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Quinoa and Diabetes - Is It Good For Diabetics

Article author photo Elen Khachatrian by Elen Khachatrian | Last updated on April 07, 2022
Education: Nutrition & Microbiology at YSU

Introduction

This article will discuss how quinoa can help control blood sugar levels and its beneficial effects on diabetes.

Glycemic Index and Carbohydrates

The total amount of carbs you consume impacts your blood sugar levels after you eat, so it's critical to keep track of how much you consume. Low GI and carbohydrate diets are generally beneficial for controlling blood glucose levels.

Quinoa has a lower carbohydrate content than white rice.

It has 21.3g of carbs per 100g, while white rice has 28.17g per 100g. Quinoa also has a glycemic index equal to 53, which is considered a low GI. This means quinoa consumption doesn't raise blood sugar levels: partly due to its low GI, partly because it contains fiber and protein, which slow the digestion process. You can visit our Glycemic index chart page for glycemic index values of 350+ pages [1].

Type-2 Diabetes

Quinoa contains essential amino acids, such as lysine, leucine, and sulfur, making it a complete protein. According to research, patients with type 2 diabetes who consume amino acids have lower blood glucose levels without changing plasma insulin levels [2].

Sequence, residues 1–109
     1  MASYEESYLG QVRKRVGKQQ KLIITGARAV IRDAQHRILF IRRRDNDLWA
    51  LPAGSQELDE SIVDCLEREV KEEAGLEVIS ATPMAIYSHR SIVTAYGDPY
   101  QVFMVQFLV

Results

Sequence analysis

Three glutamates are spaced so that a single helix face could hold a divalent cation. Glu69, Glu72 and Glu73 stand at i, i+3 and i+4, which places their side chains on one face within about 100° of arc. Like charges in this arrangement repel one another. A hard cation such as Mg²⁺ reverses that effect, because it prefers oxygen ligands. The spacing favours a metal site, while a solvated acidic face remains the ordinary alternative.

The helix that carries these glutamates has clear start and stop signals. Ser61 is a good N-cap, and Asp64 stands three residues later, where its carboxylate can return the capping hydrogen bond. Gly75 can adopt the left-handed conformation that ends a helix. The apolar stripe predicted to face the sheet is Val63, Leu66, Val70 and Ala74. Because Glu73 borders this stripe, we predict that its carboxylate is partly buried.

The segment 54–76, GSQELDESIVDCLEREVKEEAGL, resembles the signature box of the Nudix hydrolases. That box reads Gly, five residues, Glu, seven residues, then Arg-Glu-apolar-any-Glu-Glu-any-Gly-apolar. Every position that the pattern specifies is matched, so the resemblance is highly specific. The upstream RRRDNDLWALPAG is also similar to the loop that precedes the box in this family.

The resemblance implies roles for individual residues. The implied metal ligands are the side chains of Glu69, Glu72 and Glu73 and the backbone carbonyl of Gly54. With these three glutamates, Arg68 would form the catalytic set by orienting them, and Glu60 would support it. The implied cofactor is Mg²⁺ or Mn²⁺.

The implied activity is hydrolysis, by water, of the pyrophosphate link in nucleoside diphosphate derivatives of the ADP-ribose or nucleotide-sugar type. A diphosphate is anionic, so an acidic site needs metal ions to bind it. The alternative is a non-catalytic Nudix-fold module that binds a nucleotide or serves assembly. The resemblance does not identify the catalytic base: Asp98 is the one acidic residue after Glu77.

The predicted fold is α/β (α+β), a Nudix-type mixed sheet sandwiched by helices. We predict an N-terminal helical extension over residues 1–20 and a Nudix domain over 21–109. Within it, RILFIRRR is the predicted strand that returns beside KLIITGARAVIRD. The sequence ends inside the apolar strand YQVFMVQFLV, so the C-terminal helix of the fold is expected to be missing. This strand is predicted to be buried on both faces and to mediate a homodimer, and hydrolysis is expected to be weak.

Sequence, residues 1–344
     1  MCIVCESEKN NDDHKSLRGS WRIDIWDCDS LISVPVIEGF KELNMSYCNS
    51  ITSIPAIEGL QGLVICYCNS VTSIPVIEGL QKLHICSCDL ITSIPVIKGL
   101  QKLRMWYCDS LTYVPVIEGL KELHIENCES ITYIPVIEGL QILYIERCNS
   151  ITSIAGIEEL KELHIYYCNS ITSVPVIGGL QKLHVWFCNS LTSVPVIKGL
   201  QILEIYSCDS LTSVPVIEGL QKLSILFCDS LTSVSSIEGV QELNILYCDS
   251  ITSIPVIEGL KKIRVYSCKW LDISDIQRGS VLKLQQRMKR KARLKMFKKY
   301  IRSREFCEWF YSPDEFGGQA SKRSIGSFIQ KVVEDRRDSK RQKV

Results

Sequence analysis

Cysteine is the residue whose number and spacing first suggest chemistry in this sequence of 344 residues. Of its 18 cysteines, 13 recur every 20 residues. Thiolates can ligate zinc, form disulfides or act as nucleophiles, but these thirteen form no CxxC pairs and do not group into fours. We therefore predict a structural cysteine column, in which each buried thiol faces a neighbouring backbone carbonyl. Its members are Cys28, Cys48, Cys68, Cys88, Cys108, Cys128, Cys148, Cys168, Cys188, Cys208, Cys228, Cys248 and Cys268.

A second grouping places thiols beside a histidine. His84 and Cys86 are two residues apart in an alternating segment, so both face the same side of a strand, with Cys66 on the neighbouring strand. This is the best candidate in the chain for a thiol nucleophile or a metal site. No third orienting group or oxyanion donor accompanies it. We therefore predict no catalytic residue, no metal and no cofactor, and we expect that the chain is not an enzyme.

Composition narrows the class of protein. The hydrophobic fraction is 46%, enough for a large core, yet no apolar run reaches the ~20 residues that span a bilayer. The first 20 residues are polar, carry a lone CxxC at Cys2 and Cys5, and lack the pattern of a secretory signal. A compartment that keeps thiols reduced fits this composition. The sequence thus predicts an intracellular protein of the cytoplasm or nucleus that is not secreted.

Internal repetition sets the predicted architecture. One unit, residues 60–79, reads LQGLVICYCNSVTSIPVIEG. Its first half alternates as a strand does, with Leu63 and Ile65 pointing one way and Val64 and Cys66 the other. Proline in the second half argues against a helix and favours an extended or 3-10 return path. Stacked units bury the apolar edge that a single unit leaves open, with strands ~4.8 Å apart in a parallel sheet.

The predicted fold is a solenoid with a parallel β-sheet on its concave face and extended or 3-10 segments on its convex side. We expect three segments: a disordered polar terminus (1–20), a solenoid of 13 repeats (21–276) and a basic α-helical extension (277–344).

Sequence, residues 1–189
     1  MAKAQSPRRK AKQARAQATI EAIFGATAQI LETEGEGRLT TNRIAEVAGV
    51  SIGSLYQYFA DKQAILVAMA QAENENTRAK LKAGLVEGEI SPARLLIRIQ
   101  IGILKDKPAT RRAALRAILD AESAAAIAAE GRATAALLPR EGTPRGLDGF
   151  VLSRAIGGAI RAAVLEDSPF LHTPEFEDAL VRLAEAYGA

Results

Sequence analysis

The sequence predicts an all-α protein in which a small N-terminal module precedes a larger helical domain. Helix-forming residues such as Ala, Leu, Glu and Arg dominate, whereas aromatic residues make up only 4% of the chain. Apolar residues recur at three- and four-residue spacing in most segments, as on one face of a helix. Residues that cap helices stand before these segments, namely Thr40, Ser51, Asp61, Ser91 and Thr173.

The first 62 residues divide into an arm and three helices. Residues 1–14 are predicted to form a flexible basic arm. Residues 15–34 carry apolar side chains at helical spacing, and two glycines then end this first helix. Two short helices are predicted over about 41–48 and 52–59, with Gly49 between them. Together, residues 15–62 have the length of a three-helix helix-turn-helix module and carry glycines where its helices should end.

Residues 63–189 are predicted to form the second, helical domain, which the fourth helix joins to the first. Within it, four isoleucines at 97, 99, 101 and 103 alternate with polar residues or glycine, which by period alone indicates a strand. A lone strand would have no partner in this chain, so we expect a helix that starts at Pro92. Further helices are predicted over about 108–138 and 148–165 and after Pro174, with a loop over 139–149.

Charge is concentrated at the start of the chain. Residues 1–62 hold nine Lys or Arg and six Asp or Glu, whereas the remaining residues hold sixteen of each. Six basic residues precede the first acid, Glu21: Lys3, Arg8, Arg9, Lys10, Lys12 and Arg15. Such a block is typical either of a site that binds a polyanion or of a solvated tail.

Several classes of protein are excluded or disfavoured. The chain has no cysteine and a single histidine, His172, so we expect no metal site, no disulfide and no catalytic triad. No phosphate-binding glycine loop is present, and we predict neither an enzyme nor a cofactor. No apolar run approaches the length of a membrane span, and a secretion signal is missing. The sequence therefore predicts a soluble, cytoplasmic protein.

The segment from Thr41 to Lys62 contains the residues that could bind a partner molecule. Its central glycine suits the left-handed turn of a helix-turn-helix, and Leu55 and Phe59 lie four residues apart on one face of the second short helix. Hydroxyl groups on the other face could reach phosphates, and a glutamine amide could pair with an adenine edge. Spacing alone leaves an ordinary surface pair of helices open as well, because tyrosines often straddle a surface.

The dietary fiber content in quinoa is higher than the content of many other grains. It can also be beneficial for people with diabetes since fiber and protein are essential for keeping blood sugar under control [3].

According to one study, a diet rich in Peruvian Andean grains, such as quinoa, can aid in the management of type 2 diabetes and high blood pressure. While black quinoa has the lowest lipid content, it has the highest omega-3 fatty acid and carotenoid content, according to a study comparing red, black, and white quinoa.

Omega-3s in quinoa may also help to reduce the harmful effects of diabetes, such as diabetic retinopathy.

Another study found that ingesting 500 mg of omega-3s per day lowered the incidence of eye damage in patients with type 2 diabetes [4].

References

  1. https://www.ncbi.nlm.nih.gov/pmc/articles/PMC6024323/
  2. https://www.ncbi.nlm.nih.gov/pmc/articles/PMC7434868/
  3. https://pubmed.ncbi.nlm.nih.gov/25149016/
  4. https://www.ncbi.nlm.nih.gov/pmc/articles/PMC5427353/
Article author photo Elen Khachatrian
Education: Nutrition & Microbiology at YSU
Last updated: April 07, 2022
Data provided by FoodStruct.com should be considered and used as information only. Please consult your physician before beginning any diet.